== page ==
Tips to Boost Your Holiday Mood
For many people, the holidays are a time for family and celebration. But sometimes the winter months may bring feelings of sadness and loneliness (you may have heard about Seasonal Affective Disorder).
Although the holiday season doesn’t necessarily cause higher levels of depression, about 8-10% of the general population in the United States still struggle with feelings of isolation and general low mood. So what can you do to get in the holiday spirit? Consider these tips:
- Be realistic – Many people are really busy during the holiday season, which may result in increased stress. To avoid overextending yourself emotionally and financially, try to maintain realistic expectations. For example, set a shopping budget to avoid breaking the bank.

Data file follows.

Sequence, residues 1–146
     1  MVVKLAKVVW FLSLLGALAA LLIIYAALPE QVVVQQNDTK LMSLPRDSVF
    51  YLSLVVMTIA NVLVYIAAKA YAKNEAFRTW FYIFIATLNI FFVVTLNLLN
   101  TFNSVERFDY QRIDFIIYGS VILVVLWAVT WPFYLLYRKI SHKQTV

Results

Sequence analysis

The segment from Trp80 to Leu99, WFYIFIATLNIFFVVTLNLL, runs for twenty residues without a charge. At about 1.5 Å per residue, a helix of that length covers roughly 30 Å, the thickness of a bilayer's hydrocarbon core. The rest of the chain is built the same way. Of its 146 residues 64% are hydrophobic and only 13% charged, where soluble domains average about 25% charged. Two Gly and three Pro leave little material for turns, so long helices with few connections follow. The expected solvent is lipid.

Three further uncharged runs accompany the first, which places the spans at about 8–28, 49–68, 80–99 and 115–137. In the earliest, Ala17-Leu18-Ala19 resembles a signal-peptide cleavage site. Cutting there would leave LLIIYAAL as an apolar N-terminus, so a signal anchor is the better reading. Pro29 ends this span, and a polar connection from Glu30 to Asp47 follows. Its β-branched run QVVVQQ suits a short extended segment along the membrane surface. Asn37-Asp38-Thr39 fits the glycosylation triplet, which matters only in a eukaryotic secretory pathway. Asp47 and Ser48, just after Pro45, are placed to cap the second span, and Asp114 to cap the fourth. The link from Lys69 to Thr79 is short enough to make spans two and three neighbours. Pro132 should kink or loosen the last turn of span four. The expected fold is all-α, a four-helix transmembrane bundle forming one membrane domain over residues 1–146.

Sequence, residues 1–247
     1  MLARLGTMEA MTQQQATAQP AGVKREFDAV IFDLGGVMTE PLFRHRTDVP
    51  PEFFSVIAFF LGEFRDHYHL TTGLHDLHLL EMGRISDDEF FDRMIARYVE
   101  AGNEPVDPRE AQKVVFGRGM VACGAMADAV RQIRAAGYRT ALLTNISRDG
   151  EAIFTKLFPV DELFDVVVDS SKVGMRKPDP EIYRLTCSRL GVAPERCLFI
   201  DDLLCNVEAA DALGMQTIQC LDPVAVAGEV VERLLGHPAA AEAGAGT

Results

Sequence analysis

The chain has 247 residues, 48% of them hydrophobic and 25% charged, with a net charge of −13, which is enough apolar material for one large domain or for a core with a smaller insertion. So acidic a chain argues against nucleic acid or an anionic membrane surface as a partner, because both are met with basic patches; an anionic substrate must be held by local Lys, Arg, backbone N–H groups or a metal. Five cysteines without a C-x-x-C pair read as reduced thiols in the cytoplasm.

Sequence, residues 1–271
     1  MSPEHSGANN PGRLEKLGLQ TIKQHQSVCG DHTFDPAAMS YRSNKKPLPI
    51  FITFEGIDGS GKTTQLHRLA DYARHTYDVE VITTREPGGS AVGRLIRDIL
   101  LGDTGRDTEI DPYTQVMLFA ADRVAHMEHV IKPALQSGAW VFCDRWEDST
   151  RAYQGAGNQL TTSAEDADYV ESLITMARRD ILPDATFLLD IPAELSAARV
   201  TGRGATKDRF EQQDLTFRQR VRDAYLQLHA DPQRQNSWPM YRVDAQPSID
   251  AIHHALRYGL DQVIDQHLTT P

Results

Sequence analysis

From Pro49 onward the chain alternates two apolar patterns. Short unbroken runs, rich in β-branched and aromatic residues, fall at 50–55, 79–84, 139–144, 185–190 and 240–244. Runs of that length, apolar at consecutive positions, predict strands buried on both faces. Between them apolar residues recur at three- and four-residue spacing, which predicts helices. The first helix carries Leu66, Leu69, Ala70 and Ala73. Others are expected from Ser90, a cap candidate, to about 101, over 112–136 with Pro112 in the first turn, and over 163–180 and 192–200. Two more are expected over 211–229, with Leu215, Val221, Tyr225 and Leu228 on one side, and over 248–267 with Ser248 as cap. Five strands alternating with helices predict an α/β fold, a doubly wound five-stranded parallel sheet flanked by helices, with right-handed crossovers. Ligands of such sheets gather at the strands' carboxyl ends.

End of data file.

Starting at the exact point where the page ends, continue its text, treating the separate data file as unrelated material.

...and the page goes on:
- Exercise – Somewhere in between shopping and family gatherings some people skip their workout routine. Try not to let your exercise habits get lost in the hustle and bustle of the holiday season.
- See the light – If you’re feeling down it might be related to a lack of sunlight. Scheduling in brief, outdoor walks during the day could be helpful. Another great option is using a light therapy box.
- Volunteer – Helping others is a great way to help yourself and the holidays are a perfect time to volunteer in your community. To get started, consider contacting your local United Way or using Volunteer Match to find the right organization for you.
- Remember loved ones – Set aside time to remember and honor a lost loved one and be intentional about spending time with people you care about. Sharing these feelings with loved ones may provide an emotional boost.
- Sleep – The holiday season is often full of late nights, so getting enough sleep is especially important. Check out these videos for why sleep matters.
- Journaling – Journaling about emotionally challenging or stressful periods has been shown to promote psychological well-being. Check out these journaling tips and prompts and get started today!
- Seek support! – We’ve all experienced stress during the holidays – don’t hesitate to reach out to a licensed psychologist.